After the organisation was established, the council told Idverde they no longer wanted it to dedicate professional time to the organisation, but Ms Rigby-Faux continued to work with the group (and sit on its committee) in a private, voluntary capacity.

Stephen Gauntlett

In late 2019, Ms Rigby-Faux was given permission (at the request of Lewes cabinet member for open spaces Julie Carr) to work with the organisation on its lottery bid in her professional capacity once again.

But by February 2020, she had begun raising concerns about the involvement of Lewes District Council in the bid and came to believe that Greenhavens was not being seen as an equal partner. As a result she had raised the possibility of the group pulling out of the bid entirely.

According to investigators, Cllr Gauntlett had initially been supportive of Ms Rigby-Faux over these views and was also considering what would be best for Greenhavens.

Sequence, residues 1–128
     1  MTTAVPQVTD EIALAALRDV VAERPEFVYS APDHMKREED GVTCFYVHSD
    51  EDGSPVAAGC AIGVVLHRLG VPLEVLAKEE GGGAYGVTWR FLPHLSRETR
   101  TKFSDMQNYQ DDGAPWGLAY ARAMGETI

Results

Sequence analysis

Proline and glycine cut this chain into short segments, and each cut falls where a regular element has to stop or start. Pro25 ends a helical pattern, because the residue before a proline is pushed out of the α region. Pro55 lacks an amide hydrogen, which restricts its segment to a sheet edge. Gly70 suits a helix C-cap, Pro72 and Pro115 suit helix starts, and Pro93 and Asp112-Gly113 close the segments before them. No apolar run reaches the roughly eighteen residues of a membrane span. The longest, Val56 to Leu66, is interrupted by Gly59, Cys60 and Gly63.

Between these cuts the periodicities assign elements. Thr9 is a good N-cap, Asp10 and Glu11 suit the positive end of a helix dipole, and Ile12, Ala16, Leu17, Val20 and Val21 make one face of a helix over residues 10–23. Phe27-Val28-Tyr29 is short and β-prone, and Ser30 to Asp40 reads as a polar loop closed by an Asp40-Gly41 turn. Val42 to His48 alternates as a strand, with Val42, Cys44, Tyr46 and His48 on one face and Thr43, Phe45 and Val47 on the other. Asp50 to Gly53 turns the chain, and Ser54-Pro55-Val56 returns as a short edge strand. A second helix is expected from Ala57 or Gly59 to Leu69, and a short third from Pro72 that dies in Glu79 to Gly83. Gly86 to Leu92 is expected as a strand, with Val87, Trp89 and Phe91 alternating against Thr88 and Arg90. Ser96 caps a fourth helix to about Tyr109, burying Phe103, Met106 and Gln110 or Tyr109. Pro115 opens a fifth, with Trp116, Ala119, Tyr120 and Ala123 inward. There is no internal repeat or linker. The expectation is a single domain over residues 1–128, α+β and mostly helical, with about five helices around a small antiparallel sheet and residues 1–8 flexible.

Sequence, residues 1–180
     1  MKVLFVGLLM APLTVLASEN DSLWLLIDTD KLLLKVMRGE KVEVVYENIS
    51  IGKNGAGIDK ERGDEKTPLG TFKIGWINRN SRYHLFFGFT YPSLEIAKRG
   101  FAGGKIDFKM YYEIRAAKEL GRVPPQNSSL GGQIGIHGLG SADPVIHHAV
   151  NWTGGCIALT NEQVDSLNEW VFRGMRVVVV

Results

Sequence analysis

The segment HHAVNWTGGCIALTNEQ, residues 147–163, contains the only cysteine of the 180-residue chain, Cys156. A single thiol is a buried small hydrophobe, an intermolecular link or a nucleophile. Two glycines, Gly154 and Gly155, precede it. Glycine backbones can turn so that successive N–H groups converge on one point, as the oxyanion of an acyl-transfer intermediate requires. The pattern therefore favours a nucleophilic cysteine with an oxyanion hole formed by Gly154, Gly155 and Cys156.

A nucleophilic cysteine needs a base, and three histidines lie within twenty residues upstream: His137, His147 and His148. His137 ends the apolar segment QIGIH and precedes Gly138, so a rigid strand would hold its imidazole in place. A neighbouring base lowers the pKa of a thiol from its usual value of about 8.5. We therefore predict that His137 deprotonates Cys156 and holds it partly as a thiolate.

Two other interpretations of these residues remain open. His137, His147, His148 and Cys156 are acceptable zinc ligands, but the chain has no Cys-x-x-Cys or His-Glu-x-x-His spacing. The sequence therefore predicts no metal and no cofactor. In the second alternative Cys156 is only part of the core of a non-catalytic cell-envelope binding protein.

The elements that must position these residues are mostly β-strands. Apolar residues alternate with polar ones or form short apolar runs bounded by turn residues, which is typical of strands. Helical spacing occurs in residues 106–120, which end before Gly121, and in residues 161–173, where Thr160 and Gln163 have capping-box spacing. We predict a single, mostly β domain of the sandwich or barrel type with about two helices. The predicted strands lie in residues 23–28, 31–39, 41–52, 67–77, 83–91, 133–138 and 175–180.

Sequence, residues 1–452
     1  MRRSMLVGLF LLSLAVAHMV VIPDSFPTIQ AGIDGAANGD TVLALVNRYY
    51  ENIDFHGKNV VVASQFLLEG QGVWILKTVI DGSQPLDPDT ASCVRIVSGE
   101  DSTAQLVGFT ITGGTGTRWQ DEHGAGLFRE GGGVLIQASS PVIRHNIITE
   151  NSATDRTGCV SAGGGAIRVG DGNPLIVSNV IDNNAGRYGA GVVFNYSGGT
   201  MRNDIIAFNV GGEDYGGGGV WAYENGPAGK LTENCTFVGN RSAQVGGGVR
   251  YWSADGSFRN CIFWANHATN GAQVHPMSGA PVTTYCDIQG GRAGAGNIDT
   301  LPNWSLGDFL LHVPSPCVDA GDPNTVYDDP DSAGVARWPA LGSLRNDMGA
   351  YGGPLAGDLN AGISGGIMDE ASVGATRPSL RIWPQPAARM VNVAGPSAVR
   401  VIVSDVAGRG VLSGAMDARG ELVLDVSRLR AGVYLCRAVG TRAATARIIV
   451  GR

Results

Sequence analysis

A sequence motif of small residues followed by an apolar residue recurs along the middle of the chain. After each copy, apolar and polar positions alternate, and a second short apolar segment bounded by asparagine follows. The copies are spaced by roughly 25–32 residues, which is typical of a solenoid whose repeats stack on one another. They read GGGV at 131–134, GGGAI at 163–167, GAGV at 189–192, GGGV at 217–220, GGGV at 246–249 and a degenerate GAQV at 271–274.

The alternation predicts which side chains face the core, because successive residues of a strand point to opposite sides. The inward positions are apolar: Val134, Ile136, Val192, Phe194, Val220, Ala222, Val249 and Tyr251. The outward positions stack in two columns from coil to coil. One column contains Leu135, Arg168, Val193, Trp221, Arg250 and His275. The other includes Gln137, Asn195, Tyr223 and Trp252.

However, Ms Rigby-Faux’s position on the bid had clearly caused concerns at Lewes District Council. Investigators report that a SDNPA officer involved in the bid together with Cllr Carr and cabinet member for sustainability Matthew Bird had raised their own concerns at a meeting with a senior council officer.

This senior officer passed on their concerns to Andrew Frost, the manager responsible for overseeing Idverde’s contract.

In their report, the investigators wrote: “She told him that they had reported that Ms Rigby-Faux’s conduct was hampering the progress of the bid; that she was difficult to work with and that her communications with councillors and partners were being perceived as aggressive. She asked Mr Frost to raise the matter with Idverde.”